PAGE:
Initially, this new dynamic was frustrating. I couldn’t quite figure out why my relationship with my parents changed to a constant battle of parenting differences. Every decision seemed to be questioned or receive a silent look of disapproval. I typically reacted by being disappointed, irritated, and angry. I felt disrespected in a way because although I haven’t been a parent for decades… thing was for sure: I knew my own child. So, I challenged every comment or silent head shake. I gave a dissertation about why we felt we needed to do x, y, and z. I even had moments where I shutdown and sacrificed our son’s schedule, just so I wouldn’t have to deal with the comments. 

However, I have learned a few things along the way that changed my perspective about well meaning grandparents:

  • I realized I am a bit of a control freak. So, I had to admit that I needed to lighten up sometimes. These moments were usually the most tense when we came home to visit family. I began to remind myself that things are not going to be as they are at home. Traveling, new environment, and a busy toddler = It’s not going to be perfect.
  • My parents can’t see the forest for the trees and I can understand why. Knowing my parents own upbringing put much into perspective. I had to stop and take that into account because I was placing expectations on them for things they honestly didn’t know how to do. For my mother, being raised in a strict household had an impact on her. It caused her to be a little more Type B and honestly, I’m grateful for it. I always remember feeling so comfortable with my mom because she was good about not sweating the small stuff. In that same vein, balance was lost. So, my need to strike balance between rules and freedom is foreign to her. Reflecting on their vantage points helped me to have a little more compassion. I’m sure it’s hard to balance your child’s growth into adult and parenthood….all while being disconnected from some of the advancements your own generation did not experience.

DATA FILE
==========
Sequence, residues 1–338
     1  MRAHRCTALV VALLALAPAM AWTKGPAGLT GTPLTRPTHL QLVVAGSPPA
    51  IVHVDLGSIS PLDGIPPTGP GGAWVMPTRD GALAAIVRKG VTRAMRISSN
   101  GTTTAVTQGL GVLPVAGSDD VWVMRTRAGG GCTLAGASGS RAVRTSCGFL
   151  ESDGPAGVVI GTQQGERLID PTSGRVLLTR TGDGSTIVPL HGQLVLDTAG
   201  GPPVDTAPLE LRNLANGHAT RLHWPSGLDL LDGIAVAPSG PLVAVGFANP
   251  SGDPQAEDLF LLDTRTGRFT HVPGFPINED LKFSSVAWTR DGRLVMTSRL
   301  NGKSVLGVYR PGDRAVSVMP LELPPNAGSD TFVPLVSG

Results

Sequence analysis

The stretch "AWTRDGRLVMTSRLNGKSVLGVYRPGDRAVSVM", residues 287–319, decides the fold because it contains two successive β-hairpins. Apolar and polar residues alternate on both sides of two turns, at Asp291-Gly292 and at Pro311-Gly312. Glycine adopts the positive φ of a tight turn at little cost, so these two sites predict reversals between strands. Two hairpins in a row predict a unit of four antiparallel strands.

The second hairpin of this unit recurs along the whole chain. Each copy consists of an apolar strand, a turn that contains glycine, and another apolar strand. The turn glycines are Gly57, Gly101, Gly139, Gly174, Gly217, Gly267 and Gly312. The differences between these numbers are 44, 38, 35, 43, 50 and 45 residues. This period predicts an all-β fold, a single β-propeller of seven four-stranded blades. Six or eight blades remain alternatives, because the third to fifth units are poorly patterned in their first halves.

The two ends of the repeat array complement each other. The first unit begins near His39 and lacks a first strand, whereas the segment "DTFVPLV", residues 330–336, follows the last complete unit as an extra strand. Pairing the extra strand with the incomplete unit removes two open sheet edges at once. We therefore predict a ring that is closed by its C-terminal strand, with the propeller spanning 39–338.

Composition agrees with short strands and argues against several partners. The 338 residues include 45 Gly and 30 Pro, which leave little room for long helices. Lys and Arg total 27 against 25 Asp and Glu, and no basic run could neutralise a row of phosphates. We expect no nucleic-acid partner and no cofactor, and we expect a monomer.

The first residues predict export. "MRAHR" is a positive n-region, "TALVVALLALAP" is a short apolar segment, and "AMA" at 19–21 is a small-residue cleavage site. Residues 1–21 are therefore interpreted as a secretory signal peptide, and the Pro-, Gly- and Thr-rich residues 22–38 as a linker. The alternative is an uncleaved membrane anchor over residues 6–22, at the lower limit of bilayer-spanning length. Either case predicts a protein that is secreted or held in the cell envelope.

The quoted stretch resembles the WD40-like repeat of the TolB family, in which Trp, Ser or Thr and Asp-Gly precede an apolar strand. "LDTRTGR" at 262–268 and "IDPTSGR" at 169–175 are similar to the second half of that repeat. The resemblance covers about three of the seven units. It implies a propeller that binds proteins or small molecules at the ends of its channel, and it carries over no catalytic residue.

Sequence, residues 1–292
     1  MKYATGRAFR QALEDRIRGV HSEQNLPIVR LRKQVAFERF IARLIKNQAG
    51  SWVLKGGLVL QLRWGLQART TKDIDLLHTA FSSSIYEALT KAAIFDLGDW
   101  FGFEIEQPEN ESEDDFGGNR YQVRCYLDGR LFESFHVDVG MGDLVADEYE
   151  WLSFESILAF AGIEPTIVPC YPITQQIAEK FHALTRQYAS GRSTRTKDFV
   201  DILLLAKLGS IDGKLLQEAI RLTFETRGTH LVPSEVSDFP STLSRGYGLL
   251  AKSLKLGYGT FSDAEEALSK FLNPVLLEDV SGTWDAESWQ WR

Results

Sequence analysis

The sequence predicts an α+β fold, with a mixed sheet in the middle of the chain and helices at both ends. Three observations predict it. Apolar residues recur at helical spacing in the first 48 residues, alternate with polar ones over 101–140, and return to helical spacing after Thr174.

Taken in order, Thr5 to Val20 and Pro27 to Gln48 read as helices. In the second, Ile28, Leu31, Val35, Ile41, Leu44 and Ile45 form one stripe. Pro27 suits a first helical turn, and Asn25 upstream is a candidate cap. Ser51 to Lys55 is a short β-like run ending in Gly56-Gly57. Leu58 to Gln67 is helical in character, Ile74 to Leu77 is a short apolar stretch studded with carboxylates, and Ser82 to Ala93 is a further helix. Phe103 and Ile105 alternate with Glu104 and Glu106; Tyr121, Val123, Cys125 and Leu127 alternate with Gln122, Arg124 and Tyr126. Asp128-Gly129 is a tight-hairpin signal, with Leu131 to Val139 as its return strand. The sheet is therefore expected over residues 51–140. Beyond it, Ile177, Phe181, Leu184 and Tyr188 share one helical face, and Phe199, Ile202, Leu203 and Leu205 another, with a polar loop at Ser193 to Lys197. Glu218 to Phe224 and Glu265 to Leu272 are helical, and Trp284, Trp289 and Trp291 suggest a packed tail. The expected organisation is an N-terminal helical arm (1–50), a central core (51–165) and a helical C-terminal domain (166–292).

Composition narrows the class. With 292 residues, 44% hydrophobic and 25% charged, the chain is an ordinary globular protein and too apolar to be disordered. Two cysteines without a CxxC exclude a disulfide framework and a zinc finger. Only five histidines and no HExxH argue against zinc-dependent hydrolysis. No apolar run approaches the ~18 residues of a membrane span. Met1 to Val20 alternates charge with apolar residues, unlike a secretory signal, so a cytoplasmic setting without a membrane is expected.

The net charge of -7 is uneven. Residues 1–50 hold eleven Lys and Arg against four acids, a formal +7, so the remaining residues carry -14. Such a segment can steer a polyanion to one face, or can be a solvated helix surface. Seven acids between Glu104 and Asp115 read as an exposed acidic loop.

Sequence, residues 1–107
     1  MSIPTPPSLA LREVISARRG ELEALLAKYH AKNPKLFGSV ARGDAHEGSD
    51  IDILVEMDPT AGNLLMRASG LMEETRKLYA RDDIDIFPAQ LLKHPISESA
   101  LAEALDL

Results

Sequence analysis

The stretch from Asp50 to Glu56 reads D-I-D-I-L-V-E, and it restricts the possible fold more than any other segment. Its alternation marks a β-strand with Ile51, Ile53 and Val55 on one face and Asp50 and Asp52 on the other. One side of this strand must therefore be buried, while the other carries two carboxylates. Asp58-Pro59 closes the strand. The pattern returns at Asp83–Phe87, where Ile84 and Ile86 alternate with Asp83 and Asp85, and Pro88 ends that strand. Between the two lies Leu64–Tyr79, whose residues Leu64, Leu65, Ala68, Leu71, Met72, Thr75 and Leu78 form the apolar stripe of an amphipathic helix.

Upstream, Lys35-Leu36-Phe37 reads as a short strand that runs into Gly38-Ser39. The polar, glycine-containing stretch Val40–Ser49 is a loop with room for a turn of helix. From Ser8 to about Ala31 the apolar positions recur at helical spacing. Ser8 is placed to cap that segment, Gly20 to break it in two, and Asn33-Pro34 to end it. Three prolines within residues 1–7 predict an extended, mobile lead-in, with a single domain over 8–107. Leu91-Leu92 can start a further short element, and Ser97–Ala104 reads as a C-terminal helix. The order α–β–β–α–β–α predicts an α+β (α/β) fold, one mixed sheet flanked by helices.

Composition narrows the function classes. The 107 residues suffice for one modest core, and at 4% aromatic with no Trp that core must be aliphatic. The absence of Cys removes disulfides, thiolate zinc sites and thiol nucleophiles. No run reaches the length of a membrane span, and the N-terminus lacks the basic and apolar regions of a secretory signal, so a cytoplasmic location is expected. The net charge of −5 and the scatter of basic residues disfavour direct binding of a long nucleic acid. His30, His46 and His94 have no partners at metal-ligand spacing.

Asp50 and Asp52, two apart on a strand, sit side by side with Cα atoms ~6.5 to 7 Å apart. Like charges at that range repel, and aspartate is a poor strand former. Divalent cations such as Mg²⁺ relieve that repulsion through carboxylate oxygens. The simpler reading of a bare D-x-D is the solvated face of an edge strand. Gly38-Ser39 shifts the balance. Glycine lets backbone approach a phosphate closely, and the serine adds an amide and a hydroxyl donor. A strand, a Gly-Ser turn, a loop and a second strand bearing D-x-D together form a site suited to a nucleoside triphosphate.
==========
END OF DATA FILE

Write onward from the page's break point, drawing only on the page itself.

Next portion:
• Having boundaries is okay. I learned that I hadn’t grown up quite yet. Many of us assume that we’re adults when we finish school, start a career, get married, pay bills, have kids, etc. However, I have learned that those actions don’t necessarily constitute adulthood. While I was going through the motions of adulthood, I was still seeking my parents approval. Wanting them to be ok with my decision-making. Having a child definitely brings up matters you didn’t know existed. Once our parenting styles differed from what was the “norm” in my family, I had to learn to be secure in those differences because after all, our son was OUR child. At the end of the day, WE are responsible for his upbringing, good or bad. So, while we may want our families or village to accept our choices, know this won’t always happen. It isn’t because you aren’t loved. I know that we are loved to pieces, but even family will not understand when you begin to establish your own boundaries (although some may be better at understanding than others). Have boundaries. Stick with your boundaries. Don’t fear disapproval because it will consume you. If they don’t like, oh well. You will survive and life will go on. Once I learned this…..that’s when I became an adult.